401k vs Roth IRA
The 401k and Roth IRA are different individual retirement plans. As with all retirement plans, the 401k and Roth IRA have certain distinctive features. It is therefore important that retiring persons should always weigh these features before making a decision.
The 401k was the first of the two plans to be introduced and was available in 1978. 401k, which are also called Elective Deferrals, are a scheme in which the employer contributes matching funds toward the employee’s retirement account. The Roth IRA was introduced in 1998. It is a plan in which the self-employed, employed or individuals, contribute voluntarily to a scheme.
Under the 401k plan, the contributions are pre-tax earnings, while under the Roth IRA, the individual’s contributions are post tax earnings. There are certain limitations to the individual contributions that can be made to the Roth IRA unlike the 401k plan.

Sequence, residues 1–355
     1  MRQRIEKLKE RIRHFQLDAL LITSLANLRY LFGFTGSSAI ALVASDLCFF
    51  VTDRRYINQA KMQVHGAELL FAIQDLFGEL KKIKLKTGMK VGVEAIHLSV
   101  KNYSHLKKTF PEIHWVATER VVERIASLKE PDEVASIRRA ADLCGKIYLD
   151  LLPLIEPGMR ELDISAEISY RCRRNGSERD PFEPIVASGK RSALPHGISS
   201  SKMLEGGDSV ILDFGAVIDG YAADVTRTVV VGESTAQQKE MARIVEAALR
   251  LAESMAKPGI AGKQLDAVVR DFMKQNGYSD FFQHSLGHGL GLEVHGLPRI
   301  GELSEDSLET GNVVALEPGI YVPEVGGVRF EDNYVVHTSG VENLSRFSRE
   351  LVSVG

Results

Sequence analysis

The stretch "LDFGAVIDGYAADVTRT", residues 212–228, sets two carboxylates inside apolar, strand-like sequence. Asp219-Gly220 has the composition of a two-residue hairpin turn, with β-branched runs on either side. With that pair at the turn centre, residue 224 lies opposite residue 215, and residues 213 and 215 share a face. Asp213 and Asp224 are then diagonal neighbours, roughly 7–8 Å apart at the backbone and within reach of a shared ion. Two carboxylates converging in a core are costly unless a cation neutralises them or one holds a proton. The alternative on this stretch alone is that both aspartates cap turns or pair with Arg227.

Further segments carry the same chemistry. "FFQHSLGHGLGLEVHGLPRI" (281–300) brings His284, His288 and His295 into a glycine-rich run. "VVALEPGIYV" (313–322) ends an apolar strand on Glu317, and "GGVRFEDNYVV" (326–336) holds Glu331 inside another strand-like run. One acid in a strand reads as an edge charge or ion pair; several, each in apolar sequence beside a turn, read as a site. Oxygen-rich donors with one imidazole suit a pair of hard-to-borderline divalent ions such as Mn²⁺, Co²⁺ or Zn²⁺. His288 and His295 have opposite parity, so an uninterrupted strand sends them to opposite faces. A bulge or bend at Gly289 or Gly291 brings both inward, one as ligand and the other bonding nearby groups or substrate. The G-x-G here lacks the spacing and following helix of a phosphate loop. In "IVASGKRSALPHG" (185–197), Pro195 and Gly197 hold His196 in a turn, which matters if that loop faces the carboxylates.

The 401k can also be considered a plan that is set up by an employer while the Roth IRA could be considered as an employee initiated scheme.
With regard to the withdrawal of funds; an employee under the 401k scheme can start withdrawing funds only after the age of seventy and half years, unless he is employed still. With the Roth IRA, the same age as that of 401K is applicable but the only difference is that there is no restriction on the working status.
Loans are available under the 401K but, but not with a Roth IRA. A person who has joined the Roth IRA plan can withdraw money for higher education for his children, grandchildren or for himself. The 401K retirement plan does not allow for the withdrawal of funds for higher education in the last year of service. If withdrawn, the funds are subjected to a ten percent penalty.
With a Roth IRA, the contributor has a better control of his investments, unlike the contributor to a 401k, whose investment decisions are made on his behalf.
1. It was in 1978 that the 401 k was introduced. The Roth IRA was introduced in 1998.
2. The 401k can also be considered a a plan that is set by an employer while the Roth IRA could be considered as employee initiated.
3. Roth IRA contributors have a say on their investments unlike contributors to a 401k plan.